School Insurance legal reviews

Read about a variety of school insurance claim case studies including accidents and
injuries here.

This first case involved a collision between two pupils during the course of GAA training after normal school hours. The pleadings advised that the injured party was rugby tackled by a boy before the session commenced. This version changed in the course of the hearing to an accidental collision. Following the collision the injured party alleged she was forced to participate in the session despite being injured. The teacher actually witnessed the accident and attended to the injured party after the accident and tested her finger movement and her wrist and confirmed there was no bruising or redness. It was alleged that there was a lack of supervision and that the teacher should not have allowed the injured party to continue to participate in the training session. The case went to a full hearing in the Circuit Court. Evidence was given that there were 20 pupils participating in the session supervised by the teacher and a parent (who was in a car adjacent to the pitch, looking on). The Circuit Court Judge found against the school on the basis that supervision was inadequate but had no criticism to levy against the teacher or parents who were giving their time freely. The judge went on to state that the accident arose from play acting and that there was no malice in it. Finally, the Judge commented that the injured party was forced to continue with training and that although there was no medical evidence to support this, it may have exacerbated the pupil’s injury. The Judge found against the school and made an award along with an order for costs.

The case was appealed to the High Court on all grounds. Supervision at a ratio of two supervisors to twenty pupils was well within acceptable limits. No medical evidence was presented to prove any exacerbation to the injury. The case was heard in full before the High Court where the Judge dismissed the injured party’s claim and commented; “The case concerns the extent of the duty of care after hours and supervision and going out playing sport after school. The teacher was involved in an activity of public utility which was very much appreciated locally and it was something he need not have done. There was a dispute as to how the accident occurred. Initially the injured party said she was rugby tackled but later drew back on that. There was a question as to whether the teacher was there at all. His evidence is convincing and truthful. He was there at the time it occurred and observed what happened”. The Judge was equally satisfied that the teacher had tested the injured party’s fingers and checked her wrist and there was no bruising. In the end he decided it was not a serious incident and the Judge accepted that there was a system in place and the parent witness was there if other parents needed to be contacted. The Judge stated he was satisfied there was in fact supervision and it was adequate and that he saw no negligence on the part of the school. The injured party’s claim was dismissed.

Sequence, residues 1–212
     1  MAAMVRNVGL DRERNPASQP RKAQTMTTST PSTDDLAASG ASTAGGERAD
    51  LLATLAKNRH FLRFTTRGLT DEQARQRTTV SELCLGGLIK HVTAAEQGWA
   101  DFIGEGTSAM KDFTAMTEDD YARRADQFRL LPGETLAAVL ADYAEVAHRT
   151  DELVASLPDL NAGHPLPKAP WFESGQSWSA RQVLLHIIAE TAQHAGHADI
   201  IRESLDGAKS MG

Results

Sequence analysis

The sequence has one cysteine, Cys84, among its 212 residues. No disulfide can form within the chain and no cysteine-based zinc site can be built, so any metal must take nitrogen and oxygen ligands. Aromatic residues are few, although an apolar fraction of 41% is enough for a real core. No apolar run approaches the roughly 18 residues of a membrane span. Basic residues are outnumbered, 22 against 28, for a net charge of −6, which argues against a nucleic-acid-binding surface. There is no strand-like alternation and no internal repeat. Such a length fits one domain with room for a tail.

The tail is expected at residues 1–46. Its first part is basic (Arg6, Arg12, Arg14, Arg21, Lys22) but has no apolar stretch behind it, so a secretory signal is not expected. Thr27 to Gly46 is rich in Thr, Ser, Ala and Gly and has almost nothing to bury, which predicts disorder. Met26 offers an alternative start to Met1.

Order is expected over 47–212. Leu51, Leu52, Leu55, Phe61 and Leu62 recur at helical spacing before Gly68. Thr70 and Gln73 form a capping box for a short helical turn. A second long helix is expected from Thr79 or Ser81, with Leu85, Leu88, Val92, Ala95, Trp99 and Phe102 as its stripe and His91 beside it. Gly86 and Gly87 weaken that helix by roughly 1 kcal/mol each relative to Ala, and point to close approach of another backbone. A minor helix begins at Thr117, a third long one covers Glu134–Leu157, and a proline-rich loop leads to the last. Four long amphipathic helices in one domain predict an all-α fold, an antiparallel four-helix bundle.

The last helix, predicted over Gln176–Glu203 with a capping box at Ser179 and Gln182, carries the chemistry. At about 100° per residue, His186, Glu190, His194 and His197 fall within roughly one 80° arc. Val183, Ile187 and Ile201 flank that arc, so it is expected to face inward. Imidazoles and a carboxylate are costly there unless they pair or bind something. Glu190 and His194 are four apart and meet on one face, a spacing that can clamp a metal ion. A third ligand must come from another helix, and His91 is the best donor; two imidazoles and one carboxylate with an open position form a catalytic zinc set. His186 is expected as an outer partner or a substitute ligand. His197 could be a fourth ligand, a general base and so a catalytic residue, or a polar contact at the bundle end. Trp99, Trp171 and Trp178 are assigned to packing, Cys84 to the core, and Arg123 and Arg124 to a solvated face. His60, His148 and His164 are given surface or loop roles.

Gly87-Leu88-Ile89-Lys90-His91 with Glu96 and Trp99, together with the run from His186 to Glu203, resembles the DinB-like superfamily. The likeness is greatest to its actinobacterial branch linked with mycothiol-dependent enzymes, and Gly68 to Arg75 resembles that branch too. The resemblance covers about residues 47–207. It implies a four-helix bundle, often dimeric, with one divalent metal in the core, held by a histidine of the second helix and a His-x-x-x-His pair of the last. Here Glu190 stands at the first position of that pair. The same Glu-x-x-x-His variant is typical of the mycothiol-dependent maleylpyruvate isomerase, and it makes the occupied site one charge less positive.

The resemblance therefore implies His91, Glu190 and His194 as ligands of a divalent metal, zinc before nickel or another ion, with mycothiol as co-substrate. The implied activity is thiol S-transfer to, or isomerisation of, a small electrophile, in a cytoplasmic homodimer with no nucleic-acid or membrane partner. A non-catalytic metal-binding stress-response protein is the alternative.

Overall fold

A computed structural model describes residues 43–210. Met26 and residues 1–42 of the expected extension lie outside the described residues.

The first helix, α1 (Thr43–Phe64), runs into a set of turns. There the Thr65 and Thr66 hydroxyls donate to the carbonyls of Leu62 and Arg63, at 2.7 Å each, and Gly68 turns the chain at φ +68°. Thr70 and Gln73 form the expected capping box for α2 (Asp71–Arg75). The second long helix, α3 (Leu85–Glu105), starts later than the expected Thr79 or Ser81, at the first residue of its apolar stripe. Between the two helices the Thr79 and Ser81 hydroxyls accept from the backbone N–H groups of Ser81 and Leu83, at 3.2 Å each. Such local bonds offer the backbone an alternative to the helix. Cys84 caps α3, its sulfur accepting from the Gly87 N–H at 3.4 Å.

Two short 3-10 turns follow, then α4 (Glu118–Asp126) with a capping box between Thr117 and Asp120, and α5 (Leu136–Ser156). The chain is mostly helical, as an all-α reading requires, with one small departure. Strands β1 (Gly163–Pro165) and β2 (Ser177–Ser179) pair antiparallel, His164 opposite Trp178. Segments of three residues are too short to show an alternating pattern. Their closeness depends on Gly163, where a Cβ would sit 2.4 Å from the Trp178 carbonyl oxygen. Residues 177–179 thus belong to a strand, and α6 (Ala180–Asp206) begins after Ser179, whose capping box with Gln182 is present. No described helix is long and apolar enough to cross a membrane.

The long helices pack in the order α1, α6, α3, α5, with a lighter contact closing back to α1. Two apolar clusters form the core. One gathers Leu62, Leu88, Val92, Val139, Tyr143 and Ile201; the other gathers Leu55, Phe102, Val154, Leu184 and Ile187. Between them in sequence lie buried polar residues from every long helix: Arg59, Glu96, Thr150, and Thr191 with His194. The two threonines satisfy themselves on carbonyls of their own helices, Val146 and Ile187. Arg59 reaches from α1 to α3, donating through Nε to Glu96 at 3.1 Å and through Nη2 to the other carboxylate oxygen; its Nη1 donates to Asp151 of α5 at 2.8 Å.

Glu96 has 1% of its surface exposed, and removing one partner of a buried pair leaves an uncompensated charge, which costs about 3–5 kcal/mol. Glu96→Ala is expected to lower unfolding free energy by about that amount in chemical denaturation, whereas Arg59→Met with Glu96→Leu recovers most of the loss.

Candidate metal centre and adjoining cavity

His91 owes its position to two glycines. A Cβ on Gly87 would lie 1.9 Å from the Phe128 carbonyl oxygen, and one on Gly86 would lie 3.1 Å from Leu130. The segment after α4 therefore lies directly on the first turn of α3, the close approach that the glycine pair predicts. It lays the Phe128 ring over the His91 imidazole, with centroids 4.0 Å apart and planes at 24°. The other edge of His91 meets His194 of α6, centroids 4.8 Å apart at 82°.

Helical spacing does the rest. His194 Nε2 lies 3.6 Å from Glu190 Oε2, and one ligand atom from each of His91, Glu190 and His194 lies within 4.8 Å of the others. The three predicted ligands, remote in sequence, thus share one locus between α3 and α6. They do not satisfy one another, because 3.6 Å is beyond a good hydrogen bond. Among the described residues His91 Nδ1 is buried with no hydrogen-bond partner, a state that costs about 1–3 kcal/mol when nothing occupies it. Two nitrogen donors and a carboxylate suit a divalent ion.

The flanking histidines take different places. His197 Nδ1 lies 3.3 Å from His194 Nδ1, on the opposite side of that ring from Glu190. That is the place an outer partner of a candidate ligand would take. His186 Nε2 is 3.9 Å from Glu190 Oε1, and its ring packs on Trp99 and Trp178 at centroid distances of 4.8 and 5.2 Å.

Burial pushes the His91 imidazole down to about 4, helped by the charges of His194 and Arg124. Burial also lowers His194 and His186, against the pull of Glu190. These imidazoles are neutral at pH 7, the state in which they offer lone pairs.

This next case involves a pupil slip and fall in the toilet. An allegation was made that the floor had just been washed and the floor was wet as a result. The school denied that the floor had been washed. The practice was that all of the pupils had to be gone home before the toilets were cleaned. Notwithstanding that, we did not have any evidence to present that the floor was dry. Small spillages could and did occur during the course of the day. That is to be expected in a school with several hundred pupils and that on an operational basis, it is impossible to keep the floor permanently free of spillages.